ATLANTA — Georgia Gov. Nathan Deal drew a primary challenger on Tuesday for the 2014 governor’s race and used a speech before a group of business leaders to tout his economic achievements.
In the speech, Deal sought to blunt any criticism from his new opponent, Dalton Mayor David Pennington, who made it clear that he plans to make Georgia’s economy a central issue in the race. Pennington, who became mayor in 2008, said the state’s economic performance has not improved under Deal’s watch and instead trails the nation.
“Our leadership is failing us,” Pennington said in a statement. “We need ethical leadership that will focus on job creation, not scoring political points. We need a proven, job-creating businessman to take the reins.”
While the governor’s race is likely to be overshadowed by a fierce fight among Republicans seeking the U.S. Senate seat held by retiring Sen. Saxby Chambliss, Tuesday’s announcement means Deal will not get a free pass to the general election and instead will have to spend campaign cash to defend his record and make an early case for re-election.
By most accounts, Pennington faces an uphill battle against Deal, who recently reported raising $613,000 in campaign contributions since the first of the year and has roughly $1.1 million in cash for his re-election bid.
While Deal narrowly won a crowded Republican primary in 2010, he has worked to build up his support with various groups across the state. Earlier this year, he attended a tea party rally to protest the targeting of groups by the IRS and issued an executive order to reaffirm state control over a set of education standards viewed with skepticism by tea party activists.
In Tuesday’s speech before the Sandy Springs/Perimeter Chamber of Commerce, Deal gave an early preview of the campaign, highlighting his conservative stewardship of state finances and record on job creation. He said the state, working with local partners, has attracted 69,000 new jobs and more than $13.5 billion in new capital investments since he took office in January 2011.
“I’m proud of that, and I hope you are too,” Deal said to applause. “Our job growth has certainly exceeded the national average.”
In his announcement, Pennington conceded little ground on fiscal issues and said he has “disdain for those who would hide behind a party label to raise taxes or increase wasteful government spending.” He touted his work as mayor of Dalton to reduce property taxes and license fees.
Through a spokesman, Pennington declined an interview and pointed to a campaign website that describes him as a principled conservative with a degree in economics from the University of Georgia. On the website, Pennington calls for tax reform to “make taxes simpler, fairer and smaller.”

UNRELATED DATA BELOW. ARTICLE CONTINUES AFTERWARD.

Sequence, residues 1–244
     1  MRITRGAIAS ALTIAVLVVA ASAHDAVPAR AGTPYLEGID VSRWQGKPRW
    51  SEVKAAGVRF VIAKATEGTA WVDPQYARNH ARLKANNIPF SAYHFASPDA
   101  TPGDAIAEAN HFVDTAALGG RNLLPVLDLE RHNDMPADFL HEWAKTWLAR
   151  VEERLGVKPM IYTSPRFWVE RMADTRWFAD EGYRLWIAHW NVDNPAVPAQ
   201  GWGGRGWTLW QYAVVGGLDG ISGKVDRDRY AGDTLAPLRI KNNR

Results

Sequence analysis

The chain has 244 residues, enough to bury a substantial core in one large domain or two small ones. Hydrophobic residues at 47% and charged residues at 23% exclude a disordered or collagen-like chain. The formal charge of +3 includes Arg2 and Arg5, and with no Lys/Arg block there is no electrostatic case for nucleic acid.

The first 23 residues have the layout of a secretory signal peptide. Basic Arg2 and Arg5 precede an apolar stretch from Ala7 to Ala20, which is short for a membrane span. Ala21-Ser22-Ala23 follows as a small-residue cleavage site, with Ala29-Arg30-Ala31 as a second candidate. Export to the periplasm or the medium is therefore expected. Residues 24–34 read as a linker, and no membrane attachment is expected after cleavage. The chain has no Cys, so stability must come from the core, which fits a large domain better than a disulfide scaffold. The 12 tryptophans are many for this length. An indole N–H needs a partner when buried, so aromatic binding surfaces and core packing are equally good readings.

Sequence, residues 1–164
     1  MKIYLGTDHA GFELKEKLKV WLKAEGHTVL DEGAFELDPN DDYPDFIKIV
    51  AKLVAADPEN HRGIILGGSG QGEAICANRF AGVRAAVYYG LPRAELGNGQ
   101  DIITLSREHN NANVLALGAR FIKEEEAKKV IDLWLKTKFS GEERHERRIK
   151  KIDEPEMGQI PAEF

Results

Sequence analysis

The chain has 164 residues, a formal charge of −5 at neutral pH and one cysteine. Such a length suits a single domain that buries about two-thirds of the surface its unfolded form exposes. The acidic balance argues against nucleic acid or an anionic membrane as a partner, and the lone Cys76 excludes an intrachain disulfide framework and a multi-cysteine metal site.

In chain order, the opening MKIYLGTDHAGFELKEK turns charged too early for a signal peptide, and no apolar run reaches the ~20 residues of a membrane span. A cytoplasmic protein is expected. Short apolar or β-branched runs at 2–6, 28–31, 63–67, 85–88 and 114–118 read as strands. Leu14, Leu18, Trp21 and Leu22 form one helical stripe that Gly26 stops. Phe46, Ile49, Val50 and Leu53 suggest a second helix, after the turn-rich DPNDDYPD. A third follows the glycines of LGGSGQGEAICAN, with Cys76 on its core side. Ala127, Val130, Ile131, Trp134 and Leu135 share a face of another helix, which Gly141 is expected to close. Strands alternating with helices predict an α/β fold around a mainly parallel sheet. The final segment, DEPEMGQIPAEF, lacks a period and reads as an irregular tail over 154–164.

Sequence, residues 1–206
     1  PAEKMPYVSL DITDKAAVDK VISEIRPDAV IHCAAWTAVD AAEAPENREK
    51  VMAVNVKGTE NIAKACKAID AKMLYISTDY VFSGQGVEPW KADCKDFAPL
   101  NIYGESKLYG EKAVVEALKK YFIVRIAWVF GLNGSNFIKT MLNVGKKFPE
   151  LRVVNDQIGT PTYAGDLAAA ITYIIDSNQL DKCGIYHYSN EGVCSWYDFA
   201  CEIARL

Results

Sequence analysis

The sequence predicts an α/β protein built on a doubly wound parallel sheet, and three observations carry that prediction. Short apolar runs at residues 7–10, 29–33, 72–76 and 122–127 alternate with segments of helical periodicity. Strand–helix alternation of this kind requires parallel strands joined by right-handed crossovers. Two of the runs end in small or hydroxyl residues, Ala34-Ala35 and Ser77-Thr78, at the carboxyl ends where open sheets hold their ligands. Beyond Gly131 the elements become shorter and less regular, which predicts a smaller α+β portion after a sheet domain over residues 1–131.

Dalton, dubbed the “Carpet Capital of the World” for its carpet manufacturing plants, has struggled in recent years since the housing bubble burst and demand for carpet dropped sharply. On his website, Pennington said he was committed to improving the quality of life for Georgians and noted that, during his time as mayor, nearly $1 million has been invested in historic preservation, and city recreation space has increased.
A recent report in The Atlanta Journal-Constitution noted Georgia’s ranking in per capita income has slipped to 40th among states. When asked whether the jobs being created were high-paying enough, Deal said: “Any job is better than no job.”
Deal’s spokesman Brian Robinson said the governor welcomes a debate on economic policies, saying the state’s revenues have increased annually since Deal took office and unemployment has dropped two percentage points. The state’s unemployment rate was 8.3 percent in May; in the metro Dalton area it was 10.7 percent.
“Gov. Deal has reduced the size of state government, maintained our Triple-A bond rating and cut taxes,” Robinson said. “We’re making real progress in Georgia, and Gov. Deal is going to offer a vision for the next four years.”
So far, no major Democrat has announced a bid for governor. Atlanta Mayor Kasim Reed said earlier this year that the focus for Democrats should be on the U.S. Senate race and praised Deal for doing a “good job as governor.”
The two have worked together on a number of economic development projects, including Porsche’s new North American headquarters being built in Atlanta.